Invitation

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The closet lay in the west wing of the Hillock Memorial Art Museum. Though labeled “Supplies”, this particular closet had been left untouched for months, with its newly installed brethren stealing away the custodian’s preference for third floor broom access. However, the interior of the closet was by no means deserted. The child lay, motionless by the mops, appeared dead if not for the minute movement of her inhale. She moved not a muscle, caring not of the visitors that made such a racket from the museum’s opened hours (7 to 4 on weekdays), or much of the janitors either. In fact, the only thing the child on the floor cared of at all was the crack at the bottom of her door. For at 5:24 PM every day, to the tune of the last janitor’s jolly whistling, the museum lights flickered, blinked and then finally died, leaving the small girl draped in a suit of confidence as strong as any armor.
She had lived this life for a year and a half, curling up in her closet (for indeed it was her closet) during the day, staying away from the big people, the people that hurt her. The girl had once had big people of her own, people who loved and protected her, actually cared. They were but a vague memory to her now. The heat of the flames that engulfed that love could still be felt by her, still cause sudden panic attacks. But that time was fading now.
She had been handed off like a hot potato, gifted and regifted by foster families all around the state. No one liked her, much less loved her. She was a ghost that disgusted all normal people, as if such a thing as normal could exist. Her life at the foster homes mattered not to her. She didn’t care. But one day she discovered a secret within her that she had not foreseen: she did care. She wanted that love and protection that her big people had given her. And so when her latest “family” had taken her the the museum, she found her calling. Slipping into the first closet she found, the girl vanished from the normal life of humans, coming out only now, in the dark of night when all are equal.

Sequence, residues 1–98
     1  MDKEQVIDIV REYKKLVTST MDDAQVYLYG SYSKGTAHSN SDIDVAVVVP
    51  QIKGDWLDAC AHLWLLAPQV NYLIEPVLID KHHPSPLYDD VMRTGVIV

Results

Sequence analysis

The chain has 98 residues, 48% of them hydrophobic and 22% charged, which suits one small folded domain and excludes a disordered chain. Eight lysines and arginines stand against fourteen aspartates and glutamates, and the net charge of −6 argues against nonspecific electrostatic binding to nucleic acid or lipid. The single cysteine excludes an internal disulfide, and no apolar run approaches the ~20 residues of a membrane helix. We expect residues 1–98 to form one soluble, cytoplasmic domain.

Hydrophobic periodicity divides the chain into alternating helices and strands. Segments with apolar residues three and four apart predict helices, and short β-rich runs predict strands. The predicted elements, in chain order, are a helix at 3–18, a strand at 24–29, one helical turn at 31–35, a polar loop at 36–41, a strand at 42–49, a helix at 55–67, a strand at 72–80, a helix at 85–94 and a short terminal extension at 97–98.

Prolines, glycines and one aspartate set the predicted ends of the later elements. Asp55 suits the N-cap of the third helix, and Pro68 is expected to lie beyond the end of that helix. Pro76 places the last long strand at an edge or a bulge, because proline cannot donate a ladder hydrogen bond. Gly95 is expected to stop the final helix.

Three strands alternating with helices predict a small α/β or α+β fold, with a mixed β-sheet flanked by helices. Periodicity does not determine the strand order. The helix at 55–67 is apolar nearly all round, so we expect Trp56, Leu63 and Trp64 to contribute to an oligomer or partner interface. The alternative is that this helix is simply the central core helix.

Slipping from the unlocked closet, the girl crept along the freshly mopped marble floors, making no sound on her worn-down leather shoes. She made her rounds, first to the main office, where the secretary had yet again left the rear door unlocked. Sweeping in as silent as the paintings on the walls, she grabbed her daily allotment of cash: 5 dollars in quarters. Taking her profit from the room, the child climbed to the fourth floor snack machine, were she bought a bag of chips, some dried fruit and a large cola. After ravenously consuming her feast, the girl embarked upon her main mission of the night. Creeping along the silent corridors, she began to visit her friends. First, there was Horse and Rider, with the fierce eyes of the stallion catching her young eye and the strong young man mounted upon it symbolizing the freedom that she so desperately wanted. After holding a brief, whispered conversation with the rider about the weather and the latest visitors, she moved on. Apples, which consisted of a series of lateral lines in multiple colors, ignited its usual intense discussion between girl and image. However, tonight was no different than any, and the child still could not get the canvas to reveal where the supposed apple lay in its expanse.